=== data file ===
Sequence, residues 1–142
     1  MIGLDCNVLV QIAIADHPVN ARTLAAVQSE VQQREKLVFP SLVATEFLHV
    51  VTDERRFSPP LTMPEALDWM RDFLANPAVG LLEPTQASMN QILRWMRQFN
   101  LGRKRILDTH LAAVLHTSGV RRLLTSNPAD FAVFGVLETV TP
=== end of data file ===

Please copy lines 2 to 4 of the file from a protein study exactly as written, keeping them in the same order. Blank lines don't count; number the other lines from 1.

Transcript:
     1  MIGLDCNVLV QIAIADHPVN ARTLAAVQSE VQQREKLVFP SLVATEFLHV
    51  VTDERRFSPP LTMPEALDWM RDFLANPAVG LLEPTQASMN QILRWMRQFN
   101  LGRKRILDTH LAAVLHTSGV RRLLTSNPAD FAVFGVLETV TP